'It is not possible to convey in a few words my strongest endorsement for this volume that begins scratching the surface of Jennifer C. Greene’s many contributions to evaluation theory, methods, and practice. I have worked with and learned from her on many occasions over the years as I grappled with refining my understanding and practice of culturally responsive evaluation. I commend the editors and authors for this first substantive collection providing a more in-depth understanding and appreciation of Jennifer Greene’s body of work for some while providing others the opportunity to revisit the lessons we have learned from her work, spirit, and commitment to make a difference.' — Stafford Hood, Center for Culturally Responsive Evaluation & Assessment (CREA) and Professor Emeritus University of Illinois at Urbana-Champaign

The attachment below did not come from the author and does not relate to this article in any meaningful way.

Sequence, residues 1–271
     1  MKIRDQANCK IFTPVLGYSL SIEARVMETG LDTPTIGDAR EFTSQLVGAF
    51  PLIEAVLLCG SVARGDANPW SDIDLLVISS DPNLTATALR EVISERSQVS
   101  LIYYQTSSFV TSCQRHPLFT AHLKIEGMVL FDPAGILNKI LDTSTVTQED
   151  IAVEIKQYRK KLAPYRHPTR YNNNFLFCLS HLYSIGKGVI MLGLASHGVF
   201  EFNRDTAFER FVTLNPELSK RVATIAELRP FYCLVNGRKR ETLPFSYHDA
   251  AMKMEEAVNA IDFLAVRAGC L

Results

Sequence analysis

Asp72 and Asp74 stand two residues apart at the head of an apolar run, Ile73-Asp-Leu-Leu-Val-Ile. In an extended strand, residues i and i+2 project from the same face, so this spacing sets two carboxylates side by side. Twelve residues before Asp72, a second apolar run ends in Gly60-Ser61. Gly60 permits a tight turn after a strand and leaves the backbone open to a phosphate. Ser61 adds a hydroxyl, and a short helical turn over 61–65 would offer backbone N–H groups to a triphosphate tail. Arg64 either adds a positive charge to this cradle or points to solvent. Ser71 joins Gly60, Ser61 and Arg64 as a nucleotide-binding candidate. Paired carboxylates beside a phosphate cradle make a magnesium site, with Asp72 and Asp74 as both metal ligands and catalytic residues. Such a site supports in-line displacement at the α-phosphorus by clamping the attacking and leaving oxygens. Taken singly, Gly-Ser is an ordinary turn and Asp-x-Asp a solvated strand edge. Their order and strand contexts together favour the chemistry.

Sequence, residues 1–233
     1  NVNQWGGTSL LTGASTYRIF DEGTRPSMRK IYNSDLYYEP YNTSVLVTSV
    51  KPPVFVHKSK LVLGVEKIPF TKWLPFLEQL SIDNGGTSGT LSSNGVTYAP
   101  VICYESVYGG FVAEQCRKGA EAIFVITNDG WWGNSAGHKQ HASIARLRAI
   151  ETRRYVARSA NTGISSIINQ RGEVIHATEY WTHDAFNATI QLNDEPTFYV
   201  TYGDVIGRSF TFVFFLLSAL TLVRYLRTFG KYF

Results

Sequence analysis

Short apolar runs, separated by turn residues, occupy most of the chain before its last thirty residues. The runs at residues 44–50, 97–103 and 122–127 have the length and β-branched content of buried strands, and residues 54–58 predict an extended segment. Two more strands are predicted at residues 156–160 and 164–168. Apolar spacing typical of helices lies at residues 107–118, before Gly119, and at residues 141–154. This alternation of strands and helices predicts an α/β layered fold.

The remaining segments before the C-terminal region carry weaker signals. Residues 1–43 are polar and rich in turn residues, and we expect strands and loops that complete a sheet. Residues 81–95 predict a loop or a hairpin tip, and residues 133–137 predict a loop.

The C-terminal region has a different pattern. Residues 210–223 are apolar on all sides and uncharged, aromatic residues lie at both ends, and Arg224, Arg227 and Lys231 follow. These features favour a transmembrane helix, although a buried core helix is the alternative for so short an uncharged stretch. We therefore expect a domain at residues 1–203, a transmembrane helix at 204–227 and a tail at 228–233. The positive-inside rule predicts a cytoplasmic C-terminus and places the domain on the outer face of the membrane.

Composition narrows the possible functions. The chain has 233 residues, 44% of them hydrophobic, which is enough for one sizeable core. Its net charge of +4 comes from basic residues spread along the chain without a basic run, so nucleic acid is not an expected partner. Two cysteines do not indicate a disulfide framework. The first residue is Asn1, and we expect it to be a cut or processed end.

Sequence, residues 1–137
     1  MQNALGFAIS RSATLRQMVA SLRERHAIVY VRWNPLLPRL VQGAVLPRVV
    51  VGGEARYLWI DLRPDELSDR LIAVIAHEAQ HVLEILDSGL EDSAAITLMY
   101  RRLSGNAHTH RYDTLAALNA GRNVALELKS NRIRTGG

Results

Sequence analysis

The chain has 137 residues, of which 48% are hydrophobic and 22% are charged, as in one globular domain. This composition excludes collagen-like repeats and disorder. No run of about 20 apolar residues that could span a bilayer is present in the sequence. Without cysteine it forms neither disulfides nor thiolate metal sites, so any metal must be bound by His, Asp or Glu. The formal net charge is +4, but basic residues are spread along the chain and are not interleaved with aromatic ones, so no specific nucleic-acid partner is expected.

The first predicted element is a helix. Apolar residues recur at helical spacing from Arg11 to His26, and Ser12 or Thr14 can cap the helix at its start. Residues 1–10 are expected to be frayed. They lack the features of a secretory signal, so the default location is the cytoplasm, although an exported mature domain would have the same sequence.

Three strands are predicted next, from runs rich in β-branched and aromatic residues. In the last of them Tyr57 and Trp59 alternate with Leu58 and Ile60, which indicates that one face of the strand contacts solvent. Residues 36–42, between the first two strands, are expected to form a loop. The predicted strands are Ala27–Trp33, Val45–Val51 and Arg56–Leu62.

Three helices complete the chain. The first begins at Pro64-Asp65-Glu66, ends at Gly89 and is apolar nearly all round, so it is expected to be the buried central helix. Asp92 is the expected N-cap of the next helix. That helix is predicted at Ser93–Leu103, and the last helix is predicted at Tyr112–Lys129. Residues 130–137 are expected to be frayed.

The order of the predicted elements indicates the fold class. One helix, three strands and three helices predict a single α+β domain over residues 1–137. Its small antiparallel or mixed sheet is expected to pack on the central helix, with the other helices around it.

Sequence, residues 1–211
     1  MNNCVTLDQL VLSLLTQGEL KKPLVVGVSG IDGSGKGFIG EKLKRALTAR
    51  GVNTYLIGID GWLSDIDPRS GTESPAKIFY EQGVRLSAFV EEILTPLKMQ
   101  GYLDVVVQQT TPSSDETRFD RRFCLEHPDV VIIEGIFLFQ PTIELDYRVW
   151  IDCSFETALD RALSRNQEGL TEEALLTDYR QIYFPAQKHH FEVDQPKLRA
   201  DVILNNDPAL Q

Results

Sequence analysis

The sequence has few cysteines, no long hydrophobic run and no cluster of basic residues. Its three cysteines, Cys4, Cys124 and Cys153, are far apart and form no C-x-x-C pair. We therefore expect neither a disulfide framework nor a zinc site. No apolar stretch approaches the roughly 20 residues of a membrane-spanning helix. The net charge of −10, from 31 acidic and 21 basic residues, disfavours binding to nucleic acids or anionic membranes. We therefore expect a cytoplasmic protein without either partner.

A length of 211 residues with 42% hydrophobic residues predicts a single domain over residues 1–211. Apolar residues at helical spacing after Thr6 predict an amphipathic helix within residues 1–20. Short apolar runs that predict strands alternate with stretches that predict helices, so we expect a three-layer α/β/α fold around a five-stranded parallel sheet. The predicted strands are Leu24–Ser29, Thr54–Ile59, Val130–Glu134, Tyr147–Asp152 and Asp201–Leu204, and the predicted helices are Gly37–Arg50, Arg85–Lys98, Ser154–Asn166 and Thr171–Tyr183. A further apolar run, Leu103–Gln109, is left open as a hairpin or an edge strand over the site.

Preface. Acknowledgments. Introduction: Values, Legacy, History, Practice, and Critique. The Value Commitments of Jennifer C. Greene, Jori N. Hall and Janie Copple. Situating Jennifer C. Greene’s Evaluation Legacy in the Illinois School of Evaluation, Rodney Hopson and Molly Galloway. From Multiple Methods to Mixed Methods, and From General Purposes to Specific Designs: The Greene Light, Melvin M. Mark. The Interpretivist-Humanist Evaluator, Thomas A. Schwandt. SECTION I: DEMOCRATIZING INQUIRY: FOSTERING INCLUSION, COLLABORATION, AND LEARNING. Democratic Ideals in Research and Evaluation: Purposes, Puzzles, and the Public Good, Emily F. Gates, Priya Goel La Londe, Rebecca M. Teasdale, and Carolina Hidalgo Standen. Visiting and Listening Well: A Tribute to Jennifer C. Greene, the Gentle Disruptor, Veronica G. Thomas. Good Start: Creating Change From the Ground Up, Sharon Brisolara, Tristi Nichols, Kathryn A. Sielbeck-Mathes, and Denise Seigart. Evaluator’s Commitment to Epistemic Justice and the Need of Ethics Work, Tineke A. Abma and Susan Woelders. SECTION II: DIVERSIFYING SOCIAL SCIENCE INQUIRY NATIONALLY AND INTERNATIONALLY THROUGH PEDAGOGY AND MENTORSHIP. Answering the Call: Over Fifteen Years of Disrupting STEM Programming Through Values-Engaged, Educative Evaluation, Ayesha S. Boyce and Lorna Rivera. Our Evaluation Education With JCG: The Learn–Practice–Reflect Model, Julian T. Williams and Rafiqah B. Mustafaa. Crossing the Threshold: Jennifer C. Greene’s Contribution to Disrupting Evaluation in the International Development Field, Alison Mathie. In Pursuit of Democratic Values: Transnational Influences on Jennifer C. Greene, Melissa R. Goodnight and Cherie M. Avent. SECTION III: MEANINGFUL DIALOGUE: DISPOSITIONS, IMPOSITIONS, AND ASSUMPTIONS MATTER. Micro-Level Processes of Dialogue for Transformative Evaluation Practice and a Just Society, Wenjin Guo, Leanne Kallemeyn, Elissa W. Frazier, and Eleanor Ngerchelei Titiml. Exploring the Linguistic Implications of Dialogue in Evaluation, Jill Anne Chouinard. Holding Space for Exploration, Reflection, and Growth, Sarita Davis and Alexis Kaminsky. SECTION IV: THE LAST WORD. Interview With Jennifer C. Greene. About the Editors. About the Contributors. Index.